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Vision for All

Posted on May 26, 2017

Aisatou Bah’s Story: A Nurse’s Vision

There is an old African proverb that “It takes a village…” to raise a child, and that’s true to this day in The Gambia, where we started working with local surgeons and community health agents to treat cataract blindness. And that saying still rings true for Aisatou Bah, a 26-year-old nurse we met at Sheikh Zayed Regional Eye Care Center in Kanifing. Aisatou lives in a nearby village about 4 miles from the hospital along with her family, working hard to build a stronger community..

When Aisatou graduated from university, she knew she wanted to improve healthcare for her friends and neighbors. Growing up in The Gambia shaped her perspective. “When you look at the setting in The Gambia, you can see there are people who need care.”

Aisatou’s motivations came in part from her family’s experience. Several years ago she saw her grandfather suffering from cataract blindness before he passed away. “When I became a nurse,” she said, “I decided to specialize in ophthalmology. I knew that when someone has cataracts, [they] must be treated.”

In the past, blurred vision from cataracts in The Gambia was considered “just part of old age.” Aisatou told us she remembered when people with cataracts would first visit traditional spiritual healers instead of going to the hospital. This option, of course, did nothing to correct patients’ vision loss. Gradually people are becoming more aware now, she says, and patients are coming to health centers to receive eye exams.

As word spreads through the community about the treatments available to prevent blindness, Aisatou has noticed an increase of patients to her health center, Sheikh Zayed, which now sees about 75 patients a week. Aisatou believes it is her responsibility to help patients with any number of eye care issues.

Despite being busy with her family and nursing work, Aisatou told us she is studying to become a cataract surgeon someday, using the training and tools we provided her to make a more significant impact on her neighbors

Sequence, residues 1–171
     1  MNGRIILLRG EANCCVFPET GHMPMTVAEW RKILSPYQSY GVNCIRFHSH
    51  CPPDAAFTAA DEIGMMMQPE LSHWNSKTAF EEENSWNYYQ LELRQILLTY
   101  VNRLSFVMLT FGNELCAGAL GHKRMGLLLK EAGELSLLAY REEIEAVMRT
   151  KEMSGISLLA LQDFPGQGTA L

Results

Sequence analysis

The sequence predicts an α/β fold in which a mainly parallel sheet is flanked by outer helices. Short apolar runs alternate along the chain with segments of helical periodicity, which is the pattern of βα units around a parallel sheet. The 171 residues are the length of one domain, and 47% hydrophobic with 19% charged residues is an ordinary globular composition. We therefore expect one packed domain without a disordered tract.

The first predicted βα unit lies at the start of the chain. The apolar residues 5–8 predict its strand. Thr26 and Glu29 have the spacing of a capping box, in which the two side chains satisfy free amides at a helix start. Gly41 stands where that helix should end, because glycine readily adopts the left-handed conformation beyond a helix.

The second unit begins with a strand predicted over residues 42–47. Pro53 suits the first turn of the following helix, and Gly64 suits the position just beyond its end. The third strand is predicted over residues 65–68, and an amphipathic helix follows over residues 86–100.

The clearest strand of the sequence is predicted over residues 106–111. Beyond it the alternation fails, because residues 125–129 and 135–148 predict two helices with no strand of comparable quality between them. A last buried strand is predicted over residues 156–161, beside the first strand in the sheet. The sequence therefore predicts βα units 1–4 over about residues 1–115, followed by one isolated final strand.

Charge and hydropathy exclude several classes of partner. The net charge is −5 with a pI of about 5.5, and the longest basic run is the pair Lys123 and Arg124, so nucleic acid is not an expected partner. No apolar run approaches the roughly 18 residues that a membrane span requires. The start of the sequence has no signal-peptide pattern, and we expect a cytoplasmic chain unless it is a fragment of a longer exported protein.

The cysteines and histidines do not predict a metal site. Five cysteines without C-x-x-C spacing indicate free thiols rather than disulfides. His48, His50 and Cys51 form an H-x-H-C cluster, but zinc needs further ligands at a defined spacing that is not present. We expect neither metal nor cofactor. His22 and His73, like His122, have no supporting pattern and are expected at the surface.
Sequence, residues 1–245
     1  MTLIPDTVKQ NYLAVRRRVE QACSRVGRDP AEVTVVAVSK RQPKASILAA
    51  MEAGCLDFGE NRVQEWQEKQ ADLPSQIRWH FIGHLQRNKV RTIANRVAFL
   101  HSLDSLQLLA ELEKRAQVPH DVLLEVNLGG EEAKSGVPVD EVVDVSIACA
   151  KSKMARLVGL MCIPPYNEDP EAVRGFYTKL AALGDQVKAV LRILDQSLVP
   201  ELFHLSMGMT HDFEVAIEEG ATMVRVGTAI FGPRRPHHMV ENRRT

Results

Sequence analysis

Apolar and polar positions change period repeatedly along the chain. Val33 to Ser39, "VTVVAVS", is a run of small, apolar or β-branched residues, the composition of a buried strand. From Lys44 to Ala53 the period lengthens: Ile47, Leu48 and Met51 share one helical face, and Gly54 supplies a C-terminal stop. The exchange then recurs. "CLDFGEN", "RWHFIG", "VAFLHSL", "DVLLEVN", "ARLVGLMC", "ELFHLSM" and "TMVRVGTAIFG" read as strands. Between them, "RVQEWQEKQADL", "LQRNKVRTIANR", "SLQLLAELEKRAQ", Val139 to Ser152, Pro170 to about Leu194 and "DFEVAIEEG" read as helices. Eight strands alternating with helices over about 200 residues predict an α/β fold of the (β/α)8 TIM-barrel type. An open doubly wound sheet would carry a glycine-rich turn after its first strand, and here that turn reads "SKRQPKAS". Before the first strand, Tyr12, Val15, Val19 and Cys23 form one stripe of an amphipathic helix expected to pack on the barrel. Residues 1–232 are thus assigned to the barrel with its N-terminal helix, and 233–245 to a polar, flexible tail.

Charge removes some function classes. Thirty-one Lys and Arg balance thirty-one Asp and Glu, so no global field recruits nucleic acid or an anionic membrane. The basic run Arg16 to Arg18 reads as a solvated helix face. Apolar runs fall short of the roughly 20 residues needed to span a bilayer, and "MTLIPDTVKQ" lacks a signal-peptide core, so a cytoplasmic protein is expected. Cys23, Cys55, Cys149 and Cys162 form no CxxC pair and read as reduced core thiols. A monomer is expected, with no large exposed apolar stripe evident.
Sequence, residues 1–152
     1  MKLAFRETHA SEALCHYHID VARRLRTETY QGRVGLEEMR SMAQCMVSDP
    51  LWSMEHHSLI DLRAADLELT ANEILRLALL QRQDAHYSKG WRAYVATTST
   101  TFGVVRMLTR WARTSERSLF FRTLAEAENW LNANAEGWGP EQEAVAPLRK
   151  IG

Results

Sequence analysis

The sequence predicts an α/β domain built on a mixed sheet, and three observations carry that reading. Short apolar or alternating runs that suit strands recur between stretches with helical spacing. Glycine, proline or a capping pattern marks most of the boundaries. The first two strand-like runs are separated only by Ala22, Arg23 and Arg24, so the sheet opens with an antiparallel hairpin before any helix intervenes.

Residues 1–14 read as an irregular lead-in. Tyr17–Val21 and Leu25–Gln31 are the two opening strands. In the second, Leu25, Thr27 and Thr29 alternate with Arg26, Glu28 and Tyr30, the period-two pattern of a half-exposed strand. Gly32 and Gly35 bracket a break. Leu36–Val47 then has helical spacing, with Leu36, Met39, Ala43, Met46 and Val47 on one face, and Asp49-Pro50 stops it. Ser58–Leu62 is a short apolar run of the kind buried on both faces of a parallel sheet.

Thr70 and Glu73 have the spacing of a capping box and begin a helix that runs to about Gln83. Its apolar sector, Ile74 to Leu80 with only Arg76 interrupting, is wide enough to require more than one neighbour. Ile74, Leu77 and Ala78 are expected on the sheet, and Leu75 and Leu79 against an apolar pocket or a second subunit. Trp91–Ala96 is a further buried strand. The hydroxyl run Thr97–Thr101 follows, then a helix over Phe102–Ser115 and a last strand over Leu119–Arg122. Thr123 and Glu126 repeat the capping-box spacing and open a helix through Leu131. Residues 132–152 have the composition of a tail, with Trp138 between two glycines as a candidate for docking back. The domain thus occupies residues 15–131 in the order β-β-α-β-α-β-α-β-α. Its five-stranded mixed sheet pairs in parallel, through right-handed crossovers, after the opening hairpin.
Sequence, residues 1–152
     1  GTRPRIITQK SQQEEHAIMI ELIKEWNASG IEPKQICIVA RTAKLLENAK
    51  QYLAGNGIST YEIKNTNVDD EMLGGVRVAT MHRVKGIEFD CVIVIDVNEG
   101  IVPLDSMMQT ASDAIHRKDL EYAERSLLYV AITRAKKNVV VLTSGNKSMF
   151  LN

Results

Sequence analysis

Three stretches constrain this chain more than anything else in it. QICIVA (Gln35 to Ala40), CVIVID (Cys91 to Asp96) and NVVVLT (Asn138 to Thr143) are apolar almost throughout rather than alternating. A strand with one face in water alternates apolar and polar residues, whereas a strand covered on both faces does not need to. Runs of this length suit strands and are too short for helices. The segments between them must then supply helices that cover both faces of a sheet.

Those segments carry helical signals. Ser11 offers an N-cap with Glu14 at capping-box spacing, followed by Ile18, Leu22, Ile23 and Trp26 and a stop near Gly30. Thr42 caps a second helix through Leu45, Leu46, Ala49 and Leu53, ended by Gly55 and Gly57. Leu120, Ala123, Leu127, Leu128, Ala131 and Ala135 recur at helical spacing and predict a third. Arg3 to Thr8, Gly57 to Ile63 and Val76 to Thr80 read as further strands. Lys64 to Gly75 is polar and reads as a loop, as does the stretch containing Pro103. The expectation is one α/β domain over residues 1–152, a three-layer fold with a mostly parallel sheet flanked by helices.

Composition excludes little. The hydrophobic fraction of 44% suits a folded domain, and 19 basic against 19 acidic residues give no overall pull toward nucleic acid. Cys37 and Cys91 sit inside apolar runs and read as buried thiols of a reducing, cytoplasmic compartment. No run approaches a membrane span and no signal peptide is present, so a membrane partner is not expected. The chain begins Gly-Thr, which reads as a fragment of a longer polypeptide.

“If I have the knowledge I will be able to help my family, to help my friends. I also would like to help other people, because if someone comes to you having problems with the eyes (like cataracts) and you follow-up with the person after the operation and they can see again, you will only see smiles on their faces (and that) makes me feel good.”

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HelpMeSee is a 501(c)(3) nonprofit organization registered in the United States.

The HelpMeSee mission is to eradicate preventable cataract blindness globally. We achieve this through an innovative, scalable simulation-based cataract surgical training program. Our program covers Manual Small Incision Cataract Surgery (MSICS), Phacoemulsification Simulation-based Training Course (PSTC), Suturing Simulation-based Training Course (SSTC), Complications Management Course (CMC), Phacoemulsification to MSICS Differences Course (PMDC), and MSICS to Phacoemulsification Differences Course (MPDC). These offerings empower eye care professionals to refine their skills, master vital procedures, and excel in ophthalmology. We are dedicated to restoring vision for those with severe visual impairment and cataract-induced blindness worldwide.

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